A report by the Comptroller and Auditor General has revealed that payments of more than €100,000 were made over a five-year period to eight students attending a Youthreach second chance education programme at Macroom in Co Cork, even though these students were ineligible for the programme.
The programme was one of seven which were operated by County Cork Vocational Education Committee.
The investigation by the C&AG followed complaints and allegations about the operation of County Cork VEC to the Dáil's Public Accounts Committee.
County Cork VEC was dissolved in July 2013, and its functions transferred to Cork Education and Training Board (ETB).
In a statement released this afternoon, Chief Executive of Cork ETB Ted Owens said that he was committed to ensuring that it delivered education services to the highest standards.
Mr Owens said that he was committed to ensuring that these services are delivered in compliance with all legislation, procedures and processes.
The C&AG, who reports to the Dáil, is an independent investigator which examines how public funds are spent.
Comptroller Seamus McCarthy extended an audit of the 2011 financial statements of County Cork VEC to examine other alleged financial losses and control weaknesses within the VEC.
Up to its dissolution in 2013, County Cork VEC had an annual budget of around €100 million.
It employed 2,400 staff, catered for around 28,000 students and was responsible for a range of educational and training facilities.
The Comptroller extended his audit of County Cork VEC's 2011 accounts after the PAC received "a large volume of correspondence" which contained complaints and allegations about the operation of the VEC.
In his report, presented to the Houses of the Oireachtas today, the Comptroller says payments totalling €114,000 were made between 2007 and 2012 to eight students attending Macroom Youthreach and that these students were subsequently deemed ineligible for the programme.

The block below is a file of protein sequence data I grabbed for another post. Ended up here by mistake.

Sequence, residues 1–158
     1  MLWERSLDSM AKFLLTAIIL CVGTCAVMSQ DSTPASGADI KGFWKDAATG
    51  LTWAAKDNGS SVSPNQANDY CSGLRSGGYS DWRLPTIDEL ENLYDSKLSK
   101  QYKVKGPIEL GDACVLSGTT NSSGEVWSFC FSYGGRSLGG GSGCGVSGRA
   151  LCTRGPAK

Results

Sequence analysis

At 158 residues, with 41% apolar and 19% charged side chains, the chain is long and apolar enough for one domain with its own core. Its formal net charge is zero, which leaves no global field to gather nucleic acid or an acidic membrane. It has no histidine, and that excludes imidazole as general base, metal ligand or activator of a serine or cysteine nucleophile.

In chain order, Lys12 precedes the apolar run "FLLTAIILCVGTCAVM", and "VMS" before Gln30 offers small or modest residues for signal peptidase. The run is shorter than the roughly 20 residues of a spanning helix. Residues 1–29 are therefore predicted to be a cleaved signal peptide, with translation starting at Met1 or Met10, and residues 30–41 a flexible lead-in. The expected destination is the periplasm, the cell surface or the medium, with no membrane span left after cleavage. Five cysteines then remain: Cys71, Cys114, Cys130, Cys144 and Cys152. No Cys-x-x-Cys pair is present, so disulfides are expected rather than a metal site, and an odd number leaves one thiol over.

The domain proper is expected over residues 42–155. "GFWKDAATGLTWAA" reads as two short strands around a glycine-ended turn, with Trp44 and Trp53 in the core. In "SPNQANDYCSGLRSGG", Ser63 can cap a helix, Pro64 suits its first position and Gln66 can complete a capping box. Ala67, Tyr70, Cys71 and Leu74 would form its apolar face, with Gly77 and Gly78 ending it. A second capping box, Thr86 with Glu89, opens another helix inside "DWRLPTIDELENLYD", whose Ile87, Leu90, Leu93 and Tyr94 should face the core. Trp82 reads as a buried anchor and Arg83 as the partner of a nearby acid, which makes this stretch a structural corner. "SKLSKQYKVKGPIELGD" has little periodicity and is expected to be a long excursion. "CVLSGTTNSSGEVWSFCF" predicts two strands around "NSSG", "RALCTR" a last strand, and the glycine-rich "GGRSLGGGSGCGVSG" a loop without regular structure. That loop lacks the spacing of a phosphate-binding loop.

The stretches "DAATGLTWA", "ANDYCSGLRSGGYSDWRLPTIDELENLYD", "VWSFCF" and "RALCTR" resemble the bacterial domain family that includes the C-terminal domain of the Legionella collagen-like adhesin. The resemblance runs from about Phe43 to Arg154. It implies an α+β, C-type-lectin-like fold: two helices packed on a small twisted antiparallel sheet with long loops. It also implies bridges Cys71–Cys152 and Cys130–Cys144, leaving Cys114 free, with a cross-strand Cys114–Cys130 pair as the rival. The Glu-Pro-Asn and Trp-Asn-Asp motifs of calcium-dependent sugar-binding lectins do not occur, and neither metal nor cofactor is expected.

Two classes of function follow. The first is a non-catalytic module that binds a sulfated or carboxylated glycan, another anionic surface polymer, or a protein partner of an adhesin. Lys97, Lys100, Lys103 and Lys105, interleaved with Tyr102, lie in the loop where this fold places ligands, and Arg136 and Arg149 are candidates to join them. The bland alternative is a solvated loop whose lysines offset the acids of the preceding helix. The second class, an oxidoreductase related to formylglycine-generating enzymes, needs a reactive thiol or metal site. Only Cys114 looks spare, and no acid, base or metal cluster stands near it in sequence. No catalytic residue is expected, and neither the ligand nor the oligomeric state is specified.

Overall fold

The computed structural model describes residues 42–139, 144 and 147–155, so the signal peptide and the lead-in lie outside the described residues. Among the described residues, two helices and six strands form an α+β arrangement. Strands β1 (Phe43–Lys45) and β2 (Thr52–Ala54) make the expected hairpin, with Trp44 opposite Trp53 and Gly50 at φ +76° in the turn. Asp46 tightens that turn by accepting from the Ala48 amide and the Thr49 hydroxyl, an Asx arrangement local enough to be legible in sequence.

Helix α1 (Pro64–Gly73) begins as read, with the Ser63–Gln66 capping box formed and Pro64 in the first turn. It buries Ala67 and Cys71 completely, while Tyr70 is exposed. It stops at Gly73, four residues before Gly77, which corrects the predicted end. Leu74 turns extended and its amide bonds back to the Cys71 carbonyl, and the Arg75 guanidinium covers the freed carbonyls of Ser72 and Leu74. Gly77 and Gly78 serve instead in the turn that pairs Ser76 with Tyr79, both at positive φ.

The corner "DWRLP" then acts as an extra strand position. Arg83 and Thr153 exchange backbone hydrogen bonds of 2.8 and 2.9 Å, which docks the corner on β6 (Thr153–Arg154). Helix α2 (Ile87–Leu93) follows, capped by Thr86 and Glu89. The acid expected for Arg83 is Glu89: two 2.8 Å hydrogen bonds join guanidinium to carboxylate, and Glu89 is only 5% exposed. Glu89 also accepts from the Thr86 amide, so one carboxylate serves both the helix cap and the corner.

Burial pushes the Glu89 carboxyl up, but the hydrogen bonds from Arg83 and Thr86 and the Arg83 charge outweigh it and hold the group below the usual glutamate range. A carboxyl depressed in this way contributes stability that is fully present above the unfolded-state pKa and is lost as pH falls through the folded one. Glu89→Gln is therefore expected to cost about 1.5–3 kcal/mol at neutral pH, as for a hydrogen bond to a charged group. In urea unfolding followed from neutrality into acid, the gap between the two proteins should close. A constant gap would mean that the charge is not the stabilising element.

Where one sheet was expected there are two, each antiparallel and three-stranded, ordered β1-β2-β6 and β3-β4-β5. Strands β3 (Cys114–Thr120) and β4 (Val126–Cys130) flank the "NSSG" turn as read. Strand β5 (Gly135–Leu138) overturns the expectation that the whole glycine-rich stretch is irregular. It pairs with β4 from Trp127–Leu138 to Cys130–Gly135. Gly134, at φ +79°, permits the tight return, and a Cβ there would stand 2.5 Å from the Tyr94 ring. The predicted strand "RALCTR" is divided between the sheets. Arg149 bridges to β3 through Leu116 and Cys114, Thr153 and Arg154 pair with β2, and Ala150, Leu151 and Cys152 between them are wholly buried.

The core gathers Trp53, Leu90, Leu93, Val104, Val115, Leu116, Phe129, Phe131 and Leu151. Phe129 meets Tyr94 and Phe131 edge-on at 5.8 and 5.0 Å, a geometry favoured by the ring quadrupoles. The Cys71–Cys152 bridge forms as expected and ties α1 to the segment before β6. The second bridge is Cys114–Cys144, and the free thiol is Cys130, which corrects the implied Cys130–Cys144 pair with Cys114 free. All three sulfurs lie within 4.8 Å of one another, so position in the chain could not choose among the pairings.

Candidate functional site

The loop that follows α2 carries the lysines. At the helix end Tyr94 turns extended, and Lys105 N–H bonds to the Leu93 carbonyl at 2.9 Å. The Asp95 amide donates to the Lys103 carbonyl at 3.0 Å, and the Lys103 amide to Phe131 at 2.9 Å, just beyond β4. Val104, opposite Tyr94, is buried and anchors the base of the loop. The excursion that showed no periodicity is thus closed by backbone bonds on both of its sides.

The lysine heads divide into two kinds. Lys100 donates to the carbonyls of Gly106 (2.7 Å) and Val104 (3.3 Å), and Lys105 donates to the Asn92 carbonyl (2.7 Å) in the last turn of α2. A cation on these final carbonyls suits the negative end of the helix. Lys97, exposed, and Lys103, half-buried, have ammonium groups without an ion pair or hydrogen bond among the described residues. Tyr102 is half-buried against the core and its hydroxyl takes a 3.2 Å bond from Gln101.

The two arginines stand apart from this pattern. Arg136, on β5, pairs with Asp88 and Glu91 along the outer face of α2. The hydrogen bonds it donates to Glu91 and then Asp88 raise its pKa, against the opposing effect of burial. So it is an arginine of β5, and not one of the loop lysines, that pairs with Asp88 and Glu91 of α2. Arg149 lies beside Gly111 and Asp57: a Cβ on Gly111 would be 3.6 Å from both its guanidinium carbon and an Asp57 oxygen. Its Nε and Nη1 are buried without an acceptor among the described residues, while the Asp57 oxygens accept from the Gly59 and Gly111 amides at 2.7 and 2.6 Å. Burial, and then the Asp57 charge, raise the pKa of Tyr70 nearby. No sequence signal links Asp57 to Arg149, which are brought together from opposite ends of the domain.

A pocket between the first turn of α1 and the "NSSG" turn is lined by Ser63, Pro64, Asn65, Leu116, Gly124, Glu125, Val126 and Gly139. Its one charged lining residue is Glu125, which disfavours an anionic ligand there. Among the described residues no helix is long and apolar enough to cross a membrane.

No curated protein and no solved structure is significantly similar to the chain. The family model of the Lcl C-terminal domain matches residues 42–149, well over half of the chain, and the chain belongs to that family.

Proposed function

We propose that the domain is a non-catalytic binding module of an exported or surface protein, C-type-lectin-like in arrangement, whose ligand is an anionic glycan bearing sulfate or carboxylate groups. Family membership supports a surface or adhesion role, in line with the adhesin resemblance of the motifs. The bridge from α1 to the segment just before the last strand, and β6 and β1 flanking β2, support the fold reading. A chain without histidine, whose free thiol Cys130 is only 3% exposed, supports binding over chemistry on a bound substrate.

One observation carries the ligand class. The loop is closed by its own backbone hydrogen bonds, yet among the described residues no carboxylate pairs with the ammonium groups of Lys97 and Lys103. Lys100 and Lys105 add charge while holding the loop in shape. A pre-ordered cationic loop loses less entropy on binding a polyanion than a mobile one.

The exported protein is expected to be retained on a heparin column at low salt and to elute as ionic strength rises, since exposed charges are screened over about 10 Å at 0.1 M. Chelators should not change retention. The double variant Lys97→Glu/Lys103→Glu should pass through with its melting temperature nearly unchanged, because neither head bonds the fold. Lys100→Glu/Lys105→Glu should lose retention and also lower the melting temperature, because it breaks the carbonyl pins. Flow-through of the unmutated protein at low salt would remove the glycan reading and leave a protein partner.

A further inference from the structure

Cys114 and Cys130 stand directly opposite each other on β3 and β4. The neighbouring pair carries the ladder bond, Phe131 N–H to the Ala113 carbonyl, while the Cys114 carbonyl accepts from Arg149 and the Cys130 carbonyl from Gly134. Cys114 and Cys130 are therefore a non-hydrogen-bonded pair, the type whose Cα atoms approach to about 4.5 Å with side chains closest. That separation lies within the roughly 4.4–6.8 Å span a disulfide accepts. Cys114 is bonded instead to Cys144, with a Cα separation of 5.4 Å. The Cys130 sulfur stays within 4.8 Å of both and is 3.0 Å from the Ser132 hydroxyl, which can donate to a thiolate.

The report says the available records about the application and assessment process for the eight students were inadequate, and did not provide evidence to explain their inclusion on the Youthreach programme.
The report also says an internal audit conducted by the VEC in August 2010 identified a number of "weaknesses" over payments to staff at Macroom Youthreach centre.
The report says the VEC paid an estimated €60,000 for 1,070 teaching hours in the year 2009/2010, where teachers were not timetabled to teach.
It says teachers were paid approximated €25,000 for a further 500 administration hours at the Macroom centre in 2009/2010.
Payments were also made to two part-time staff without PAYE and PRSI being deducted.
Two people paid student allowances were not attending training, but were in fact employed to provide tuition in English.
The report also says that a Revenue Commissioners' tax audit of County Cork VEC resulted in a settlement of €115,700 in June, 2013.
The settlement related to tax periods extending as far back as 2003.
Among the other issues covered by the report were eight leases entered into by the VEC, without prior formal sanction from the Minister for Education and Skills, as required by law.
Seven of these leases have since been regularised by way of retrospective sanction.